NATIONAL BUREAU OF ECONOMIC RESEARCH
NATIONAL BUREAU OF ECONOMIC RESEARCH

NBER Working Papers by Chiara Criscuolo

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Working Papers

February 2012The Causal Effects of an Industrial Policy
with Ralf Martin, Henry Overman, John Van Reenen: w17842
Business support policies designed to raise productivity and employment are common worldwide, but rigorous micro-econometric evaluation of their causal effects is rare. We exploit multiple changes in the area-specific eligibility criteria for a major program to support manufacturing jobs (“Regional Selective Assistance”). Area eligibility is governed by pan-European state aid rules which change every seven years and we use these rule changes to construct instrumental variables for program participation. We match two decades of UK panel data on the population of firms to all program participants. IV estimates find positive program treatment effect on employment, investment and net entry but not on TFP. OLS underestimates program effects because the policy targets underperforming plants and ...
April 2008Productivity Growth, Knowledge Flows, and Spillovers
with Gustavo Crespi, Jonathan E. Haskel, Matthew Slaughter: w13959
This paper explores the role of knowledge flows and productivity growth by linking direct survey data on knowledge flows to firm-level data on TFP growth. Our data measure the information flows often considered important, especially by policy-makers, such as from within the firm and from suppliers, customers, and competitors. We examine (a) what are the empirically important sources of knowledge flows? (b) to what extent do such flows contribute to TFP growth? (c) do such flows constitute a spillover of free knowledge? (d) how do such flows correspond to suggested spillover sources, such as multinational or R&D presence? We find that: (a) the main sources of knowledge are competitors; suppliers; and plants that belong to the same business group ; (b) these three flows together account...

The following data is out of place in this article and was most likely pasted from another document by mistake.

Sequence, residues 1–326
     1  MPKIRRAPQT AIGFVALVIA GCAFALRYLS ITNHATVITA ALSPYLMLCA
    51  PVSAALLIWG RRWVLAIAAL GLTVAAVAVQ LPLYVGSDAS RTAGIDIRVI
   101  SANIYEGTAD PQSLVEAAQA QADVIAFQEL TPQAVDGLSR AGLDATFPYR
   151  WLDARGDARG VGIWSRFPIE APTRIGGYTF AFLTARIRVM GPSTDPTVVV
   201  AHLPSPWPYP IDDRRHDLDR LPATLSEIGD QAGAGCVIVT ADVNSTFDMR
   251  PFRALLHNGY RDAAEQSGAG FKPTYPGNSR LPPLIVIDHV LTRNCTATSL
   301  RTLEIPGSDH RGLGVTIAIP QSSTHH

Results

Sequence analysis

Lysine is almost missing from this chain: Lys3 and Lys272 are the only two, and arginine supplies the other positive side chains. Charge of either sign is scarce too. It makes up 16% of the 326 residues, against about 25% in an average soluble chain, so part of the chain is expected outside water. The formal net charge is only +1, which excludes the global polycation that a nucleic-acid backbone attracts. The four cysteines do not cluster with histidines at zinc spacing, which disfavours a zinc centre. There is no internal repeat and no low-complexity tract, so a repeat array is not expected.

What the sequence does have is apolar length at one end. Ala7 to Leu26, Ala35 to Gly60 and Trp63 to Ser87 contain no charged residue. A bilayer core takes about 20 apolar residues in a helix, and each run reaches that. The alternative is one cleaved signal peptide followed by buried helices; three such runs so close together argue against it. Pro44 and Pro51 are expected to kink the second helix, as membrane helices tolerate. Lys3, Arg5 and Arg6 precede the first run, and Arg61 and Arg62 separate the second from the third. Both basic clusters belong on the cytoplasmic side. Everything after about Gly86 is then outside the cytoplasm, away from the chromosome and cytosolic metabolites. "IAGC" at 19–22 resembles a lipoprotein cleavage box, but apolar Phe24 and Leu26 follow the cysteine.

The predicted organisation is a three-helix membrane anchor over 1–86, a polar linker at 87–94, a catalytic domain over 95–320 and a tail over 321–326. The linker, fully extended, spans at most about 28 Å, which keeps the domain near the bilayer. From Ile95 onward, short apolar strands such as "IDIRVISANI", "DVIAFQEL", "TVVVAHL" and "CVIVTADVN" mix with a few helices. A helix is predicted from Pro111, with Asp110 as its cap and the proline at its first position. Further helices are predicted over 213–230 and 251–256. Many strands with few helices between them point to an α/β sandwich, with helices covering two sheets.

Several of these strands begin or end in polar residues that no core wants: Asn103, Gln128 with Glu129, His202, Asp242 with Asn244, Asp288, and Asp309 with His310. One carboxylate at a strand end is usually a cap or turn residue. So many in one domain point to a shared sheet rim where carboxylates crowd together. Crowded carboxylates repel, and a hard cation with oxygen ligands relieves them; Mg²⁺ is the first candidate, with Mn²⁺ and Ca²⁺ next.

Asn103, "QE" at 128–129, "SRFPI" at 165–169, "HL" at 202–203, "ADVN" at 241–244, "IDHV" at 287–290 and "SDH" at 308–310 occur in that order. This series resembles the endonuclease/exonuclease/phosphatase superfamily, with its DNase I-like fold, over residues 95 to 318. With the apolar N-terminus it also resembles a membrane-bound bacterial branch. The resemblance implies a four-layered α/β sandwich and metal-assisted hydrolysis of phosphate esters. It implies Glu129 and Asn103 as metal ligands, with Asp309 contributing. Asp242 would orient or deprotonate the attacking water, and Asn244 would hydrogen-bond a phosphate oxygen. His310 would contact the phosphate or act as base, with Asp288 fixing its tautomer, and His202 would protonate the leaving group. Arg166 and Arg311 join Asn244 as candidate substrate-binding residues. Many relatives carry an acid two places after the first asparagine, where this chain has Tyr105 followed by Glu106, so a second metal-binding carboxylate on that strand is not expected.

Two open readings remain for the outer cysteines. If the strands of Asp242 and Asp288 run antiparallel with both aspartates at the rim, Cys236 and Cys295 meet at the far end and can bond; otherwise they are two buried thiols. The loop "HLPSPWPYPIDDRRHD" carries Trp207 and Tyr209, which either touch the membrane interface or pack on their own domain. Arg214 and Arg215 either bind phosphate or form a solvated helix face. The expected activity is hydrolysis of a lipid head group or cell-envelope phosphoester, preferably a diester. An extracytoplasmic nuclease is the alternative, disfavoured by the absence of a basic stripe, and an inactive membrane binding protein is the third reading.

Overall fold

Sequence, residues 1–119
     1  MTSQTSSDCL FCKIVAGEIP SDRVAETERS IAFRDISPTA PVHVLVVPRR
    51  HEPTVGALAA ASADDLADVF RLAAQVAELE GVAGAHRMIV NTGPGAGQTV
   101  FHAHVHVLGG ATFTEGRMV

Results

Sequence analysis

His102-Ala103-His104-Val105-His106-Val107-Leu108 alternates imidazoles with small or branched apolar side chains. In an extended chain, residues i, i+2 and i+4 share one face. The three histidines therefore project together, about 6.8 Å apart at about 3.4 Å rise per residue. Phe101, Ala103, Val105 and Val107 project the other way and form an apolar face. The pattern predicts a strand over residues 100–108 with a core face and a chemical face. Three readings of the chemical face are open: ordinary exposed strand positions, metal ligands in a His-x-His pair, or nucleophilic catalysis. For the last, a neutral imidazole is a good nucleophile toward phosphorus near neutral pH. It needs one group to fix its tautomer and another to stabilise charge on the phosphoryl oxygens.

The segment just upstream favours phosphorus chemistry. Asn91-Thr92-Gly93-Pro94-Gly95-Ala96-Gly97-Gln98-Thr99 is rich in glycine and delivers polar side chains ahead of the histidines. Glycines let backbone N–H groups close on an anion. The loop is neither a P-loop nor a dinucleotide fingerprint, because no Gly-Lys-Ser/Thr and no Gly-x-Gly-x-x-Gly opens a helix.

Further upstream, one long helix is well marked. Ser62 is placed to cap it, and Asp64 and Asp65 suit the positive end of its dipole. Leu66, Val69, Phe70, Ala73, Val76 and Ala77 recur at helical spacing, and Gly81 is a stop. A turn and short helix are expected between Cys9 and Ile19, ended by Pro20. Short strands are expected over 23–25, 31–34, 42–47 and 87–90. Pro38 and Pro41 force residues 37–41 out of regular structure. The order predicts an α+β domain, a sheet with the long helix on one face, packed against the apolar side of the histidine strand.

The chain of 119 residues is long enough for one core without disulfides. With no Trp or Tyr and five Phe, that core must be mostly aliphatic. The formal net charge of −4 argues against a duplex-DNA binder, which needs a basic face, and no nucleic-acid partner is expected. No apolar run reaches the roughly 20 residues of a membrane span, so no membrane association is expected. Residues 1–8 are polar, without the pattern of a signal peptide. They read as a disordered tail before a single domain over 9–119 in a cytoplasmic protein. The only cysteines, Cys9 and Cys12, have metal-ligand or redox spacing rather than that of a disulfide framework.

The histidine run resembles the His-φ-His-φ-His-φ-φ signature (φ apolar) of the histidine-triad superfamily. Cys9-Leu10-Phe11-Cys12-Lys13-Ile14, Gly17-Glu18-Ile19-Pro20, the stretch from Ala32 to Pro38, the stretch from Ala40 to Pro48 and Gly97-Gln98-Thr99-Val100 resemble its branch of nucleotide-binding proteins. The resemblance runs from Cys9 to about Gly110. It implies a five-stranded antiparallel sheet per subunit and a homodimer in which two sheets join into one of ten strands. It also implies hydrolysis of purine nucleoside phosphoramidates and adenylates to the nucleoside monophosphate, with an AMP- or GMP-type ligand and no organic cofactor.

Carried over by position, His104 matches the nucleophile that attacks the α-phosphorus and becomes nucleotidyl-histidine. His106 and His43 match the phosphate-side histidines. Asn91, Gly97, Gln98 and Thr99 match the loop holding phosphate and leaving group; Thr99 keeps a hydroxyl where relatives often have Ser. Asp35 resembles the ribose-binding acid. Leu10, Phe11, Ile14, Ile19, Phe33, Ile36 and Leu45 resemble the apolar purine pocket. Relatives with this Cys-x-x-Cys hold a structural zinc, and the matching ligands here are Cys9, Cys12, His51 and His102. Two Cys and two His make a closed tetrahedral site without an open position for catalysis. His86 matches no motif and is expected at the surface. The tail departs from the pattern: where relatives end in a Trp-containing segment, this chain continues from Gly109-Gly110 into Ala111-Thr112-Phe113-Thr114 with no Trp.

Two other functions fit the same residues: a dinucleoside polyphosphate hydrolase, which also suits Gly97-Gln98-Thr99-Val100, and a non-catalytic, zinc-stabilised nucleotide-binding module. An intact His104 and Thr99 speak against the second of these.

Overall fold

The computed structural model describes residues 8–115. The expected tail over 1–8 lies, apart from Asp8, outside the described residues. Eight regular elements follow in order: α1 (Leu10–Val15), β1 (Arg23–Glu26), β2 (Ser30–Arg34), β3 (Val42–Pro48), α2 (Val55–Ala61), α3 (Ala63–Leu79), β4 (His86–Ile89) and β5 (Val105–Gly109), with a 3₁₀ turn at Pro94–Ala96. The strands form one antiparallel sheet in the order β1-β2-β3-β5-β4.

July 2005Global Engagement and the Innovation Activities of Firms
with Jonathan E. Haskel, Matthew J. Slaughter: w11479
Firms that export or, even more so, are part of a multinational enterprise tend to exhibit higher productivity than their purely domestic counterparts. To better understand this correlation, we incorporate the perspective of industrial organization that one of the main drivers of differences in productivity is differences in knowledge. We examine a new data set of several thousand U.K. enterprises covering all industries from 1994 through 2000. For each enterprise we have multiple detailed measures of knowledge outputs, knowledge investments, and sources of existing knowledge. We find that globally engaged firms do innovate more. But this is not just because globally engaged firms use more researchers. It is also because they learn more from more sources such as suppliers and custome...

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